owned by the state and the private sectors.26 Simultaneously, this new company was

renamed as Obshchestvennoye Rossiyskoye Televideniye (Russian Public Television,

commonly abbreviated “ORT”). In November 1994, the controlling block of shares

was assigned to the state represented by the State Commission for the Management of

State Property (GKI). And the remaining shares were divided among four

banks—MENATEP, Stolichny, Russian Credit, and Inkombank—and two other

companies, AO Aeroflot-Russian International Airlines and AO AvtoVAZ27. The

rapid development of private commercial television and radio companies infused new

blood into the original mainly state-controlled broadcasting system and offered media

practitioners more opportunities to consolidate the media independence. The media

25

Ekho became famous in 1991 after reporting on events in Vilnius, i.e., the storming of the TV tower, and the August putsch in Moscow.

26

Terhi Rantanen, The Global and the National—Media and Communications in Post-Communist Russia, (Boston: Rowman & Littlefield Publishers, Inc, 2002) 28

27

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practitioners still maintained a high level of media professionalism that culminated

with the campaign against the first Chechnya war.

3.2.2 First Chechnya War

If the golden period from 1991 to 1992 was the honeymoon of the media and

the government, then the first Chechnya war was the symbol of their “divorce.” After

Yeltsin launched the war in Chechnya, the alliance between the press and the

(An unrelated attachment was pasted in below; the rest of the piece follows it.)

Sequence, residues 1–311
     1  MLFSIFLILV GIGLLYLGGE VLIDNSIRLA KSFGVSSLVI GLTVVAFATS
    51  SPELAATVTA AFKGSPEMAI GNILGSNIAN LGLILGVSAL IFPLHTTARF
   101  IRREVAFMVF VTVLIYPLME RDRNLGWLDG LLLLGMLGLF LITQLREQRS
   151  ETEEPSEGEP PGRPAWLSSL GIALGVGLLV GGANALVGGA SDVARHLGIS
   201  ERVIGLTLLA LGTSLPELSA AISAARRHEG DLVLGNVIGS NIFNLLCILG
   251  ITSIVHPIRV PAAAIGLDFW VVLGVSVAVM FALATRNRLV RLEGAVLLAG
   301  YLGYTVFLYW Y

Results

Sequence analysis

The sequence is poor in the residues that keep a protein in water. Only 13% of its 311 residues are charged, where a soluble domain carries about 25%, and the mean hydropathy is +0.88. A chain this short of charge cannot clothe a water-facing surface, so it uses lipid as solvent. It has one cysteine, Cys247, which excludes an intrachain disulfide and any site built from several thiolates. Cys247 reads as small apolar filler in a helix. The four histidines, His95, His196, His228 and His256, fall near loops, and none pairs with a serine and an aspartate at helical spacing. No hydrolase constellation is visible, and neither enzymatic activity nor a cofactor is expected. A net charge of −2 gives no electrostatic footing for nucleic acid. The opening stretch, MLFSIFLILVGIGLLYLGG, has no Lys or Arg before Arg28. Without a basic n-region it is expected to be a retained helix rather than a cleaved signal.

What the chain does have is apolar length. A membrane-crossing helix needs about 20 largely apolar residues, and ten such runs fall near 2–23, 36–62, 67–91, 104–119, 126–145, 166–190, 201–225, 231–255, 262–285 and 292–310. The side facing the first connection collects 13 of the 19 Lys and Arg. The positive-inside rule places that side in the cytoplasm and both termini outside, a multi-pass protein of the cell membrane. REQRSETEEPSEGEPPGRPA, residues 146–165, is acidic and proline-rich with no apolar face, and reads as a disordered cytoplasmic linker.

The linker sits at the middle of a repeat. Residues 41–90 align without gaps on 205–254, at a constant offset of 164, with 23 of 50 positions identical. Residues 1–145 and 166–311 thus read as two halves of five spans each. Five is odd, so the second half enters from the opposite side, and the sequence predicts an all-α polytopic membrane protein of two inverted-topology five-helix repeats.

government fell apart.

The Chechnya war started in 1994. Yeltsin had hoped to use the victory to

defeat political opponents and to win the 1996 presidential election. However, the

reality disappointed him. On the contrary, the Chechnya war became a stain in his

political affairs and almost made him lose the 1996 election28. Although the Russian

forces maintained the overwhelming military superiority, they were unable to control

Chechnya efficiently. Widespread demoralization of the Russian forces and the deaths

of thousands of civilians compelled Yeltsin to declare a unilateral cease-fire in 1995

and to begin withdrawing troops a year later.

During the entire two-year period, the Russian media played a leading role in

presenting the real face of the war to the public. For the most part, the Russian media

operated freely in reporting on the Chechen conflict despite government pressure.

Although the government produced its own information as it did in other wars such as

Afghanistan, this kind of information was not suitable for the rapidly developed and

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highly competitive new information market.29 Moreover, the independent media such

as NTV and ORT questioned official information and figures.30 Journalists tried to

provide balanced coverage for both sides. That was why many Russian journalists

went to report from the Chechen side. They told the public that Chechens were not

only bearded fighters with green headbands, but also the main victims of the attacks.